West of Ireland must not be discriminated against in High-Level Offshore Wind Phase 2 Policy Statement - Senator Lisa Chambers

Published on: 18 January 2023


Fianna Fáil Press Office
Senator Lisa Chambers 
Mayo 
18 Jan 2023
 

West of Ireland must not be discriminated against in High-Level Offshore Wind Phase 2 Policy Statement - Senator Lisa Chambers

 

Leader of the Seanad, Fianna Fáil Senator Lisa Chambers, has expressed deep concern at reports that the High-Level Offshore Wind Phase 2 Policy Statement due imminently will discriminate against the West of Ireland by giving priority to projects in the East and South of the country. Viable floating offshore wind projects off the West coast will not be permitted to apply for maritime area consents until a later stage of phase 2, with projects off the East and South coasts of the country being prioritised.

 

Mayo Senator Lisa Chambers said: “It would be a huge mistake by the Minister if credible floating offshore wind projects located off the West Coast were to be disenfranchised by a policy decision. If this decision is taken it will have long-reaching and long-lasting impacts on the West and Northwest region in terms of opportunities, development and investment. 

 

“We are effectively telling potential investors that the West of Ireland is closed for business. This cannot be allowed to happen and the message should be delivered loud and clear from Government, that we want offshore wind opportunities for the West of Ireland and that viable projects will be supported.”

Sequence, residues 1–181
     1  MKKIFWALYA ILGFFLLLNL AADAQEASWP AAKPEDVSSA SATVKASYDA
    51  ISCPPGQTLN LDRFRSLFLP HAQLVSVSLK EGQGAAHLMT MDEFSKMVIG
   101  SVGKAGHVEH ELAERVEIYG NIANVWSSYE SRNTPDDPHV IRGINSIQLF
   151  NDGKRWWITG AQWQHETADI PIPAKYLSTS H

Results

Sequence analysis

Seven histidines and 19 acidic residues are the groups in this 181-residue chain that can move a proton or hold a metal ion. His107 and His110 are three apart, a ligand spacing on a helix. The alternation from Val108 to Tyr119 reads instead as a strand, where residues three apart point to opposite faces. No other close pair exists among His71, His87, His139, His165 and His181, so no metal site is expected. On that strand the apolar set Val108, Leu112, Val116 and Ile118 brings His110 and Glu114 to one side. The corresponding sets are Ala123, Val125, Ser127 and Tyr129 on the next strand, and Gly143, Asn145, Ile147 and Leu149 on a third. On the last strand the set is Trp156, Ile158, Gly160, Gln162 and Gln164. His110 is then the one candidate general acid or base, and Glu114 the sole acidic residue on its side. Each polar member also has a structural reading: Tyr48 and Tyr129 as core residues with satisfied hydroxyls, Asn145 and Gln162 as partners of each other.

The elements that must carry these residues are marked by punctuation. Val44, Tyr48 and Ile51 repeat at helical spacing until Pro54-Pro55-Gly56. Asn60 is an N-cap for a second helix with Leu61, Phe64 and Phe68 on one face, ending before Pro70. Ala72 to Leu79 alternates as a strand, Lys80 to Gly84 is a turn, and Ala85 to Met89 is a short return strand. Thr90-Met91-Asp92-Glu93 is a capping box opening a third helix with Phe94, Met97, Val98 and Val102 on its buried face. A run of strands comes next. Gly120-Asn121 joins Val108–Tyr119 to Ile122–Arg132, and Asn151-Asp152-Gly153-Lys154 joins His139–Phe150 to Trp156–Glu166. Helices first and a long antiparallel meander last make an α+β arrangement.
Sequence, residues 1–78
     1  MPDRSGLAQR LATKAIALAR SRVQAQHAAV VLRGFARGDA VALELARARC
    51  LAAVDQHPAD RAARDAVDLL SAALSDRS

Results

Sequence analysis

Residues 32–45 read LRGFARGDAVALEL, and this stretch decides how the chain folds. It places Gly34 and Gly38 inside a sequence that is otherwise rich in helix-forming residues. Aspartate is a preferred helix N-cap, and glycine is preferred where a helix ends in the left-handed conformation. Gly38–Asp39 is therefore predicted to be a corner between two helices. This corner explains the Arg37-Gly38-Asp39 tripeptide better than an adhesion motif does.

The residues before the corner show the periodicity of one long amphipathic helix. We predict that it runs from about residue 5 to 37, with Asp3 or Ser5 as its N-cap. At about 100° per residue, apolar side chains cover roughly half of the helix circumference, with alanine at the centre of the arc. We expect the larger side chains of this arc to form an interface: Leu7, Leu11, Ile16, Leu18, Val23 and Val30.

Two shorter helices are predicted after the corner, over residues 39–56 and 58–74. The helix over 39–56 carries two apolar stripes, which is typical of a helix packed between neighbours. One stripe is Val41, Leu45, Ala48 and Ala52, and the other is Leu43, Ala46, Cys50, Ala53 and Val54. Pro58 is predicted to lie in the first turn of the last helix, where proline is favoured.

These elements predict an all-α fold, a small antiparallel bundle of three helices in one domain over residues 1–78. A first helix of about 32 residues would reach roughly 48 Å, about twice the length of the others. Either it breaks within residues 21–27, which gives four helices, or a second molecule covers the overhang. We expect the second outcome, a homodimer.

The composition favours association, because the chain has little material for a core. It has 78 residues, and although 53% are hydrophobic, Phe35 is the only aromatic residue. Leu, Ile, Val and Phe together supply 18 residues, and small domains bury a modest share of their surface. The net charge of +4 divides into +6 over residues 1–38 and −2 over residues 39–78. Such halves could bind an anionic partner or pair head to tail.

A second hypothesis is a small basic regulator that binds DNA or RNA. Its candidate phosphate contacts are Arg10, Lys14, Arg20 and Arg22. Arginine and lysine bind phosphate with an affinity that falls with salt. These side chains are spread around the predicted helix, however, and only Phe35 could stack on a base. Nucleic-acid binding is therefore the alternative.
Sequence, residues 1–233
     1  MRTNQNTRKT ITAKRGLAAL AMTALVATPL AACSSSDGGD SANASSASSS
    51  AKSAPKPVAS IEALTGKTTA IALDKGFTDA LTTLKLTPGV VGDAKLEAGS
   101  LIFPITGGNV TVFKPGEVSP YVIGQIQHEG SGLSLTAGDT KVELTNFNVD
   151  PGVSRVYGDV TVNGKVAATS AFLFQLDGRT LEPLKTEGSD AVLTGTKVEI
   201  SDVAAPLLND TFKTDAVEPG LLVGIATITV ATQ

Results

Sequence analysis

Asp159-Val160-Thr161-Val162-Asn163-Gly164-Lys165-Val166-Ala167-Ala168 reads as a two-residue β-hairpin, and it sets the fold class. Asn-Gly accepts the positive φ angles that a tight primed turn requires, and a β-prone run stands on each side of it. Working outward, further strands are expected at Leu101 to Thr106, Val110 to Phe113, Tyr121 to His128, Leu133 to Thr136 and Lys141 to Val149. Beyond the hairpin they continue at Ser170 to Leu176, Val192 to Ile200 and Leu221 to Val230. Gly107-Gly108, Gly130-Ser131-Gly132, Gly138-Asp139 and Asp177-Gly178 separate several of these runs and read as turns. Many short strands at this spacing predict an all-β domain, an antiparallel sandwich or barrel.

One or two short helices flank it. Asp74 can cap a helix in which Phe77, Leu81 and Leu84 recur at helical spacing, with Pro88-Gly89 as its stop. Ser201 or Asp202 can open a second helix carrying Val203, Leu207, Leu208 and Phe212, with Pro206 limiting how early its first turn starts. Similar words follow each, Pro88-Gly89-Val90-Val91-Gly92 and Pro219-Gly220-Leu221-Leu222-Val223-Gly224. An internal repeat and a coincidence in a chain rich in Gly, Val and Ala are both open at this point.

“I cannot understand why the Minister would want to disenfranchise an entire region and tell investors to focus elsewhere and forget about the West of Ireland for another decade. We have extremely ambitious climate targets to meet in terms of emissions reductions and a transfer to sustainable green energy. We need an offshore wind strategy for the entire country that is equally ambitious.”

 

“The new Maritime Area Regulatory Authority is in its infancy and will need to scale up to deal with the work required. I imagine there is some concern in the department that it may struggle to cope with applications if phase two permitted all projects, both fixed bottom and floating offshore wind, to apply together. If this is part of the reason for a staged approach to applications, then we must find a better way to manage this that does not involve leaving the west coast behind. Ireland has the potential to be a world leader in floating offshore wind if we have the right policy and the desired level of ambition. I have requested an urgent meeting with Minister Eamon Ryan to discuss this before the policy statement is published.”

 

ENDS 

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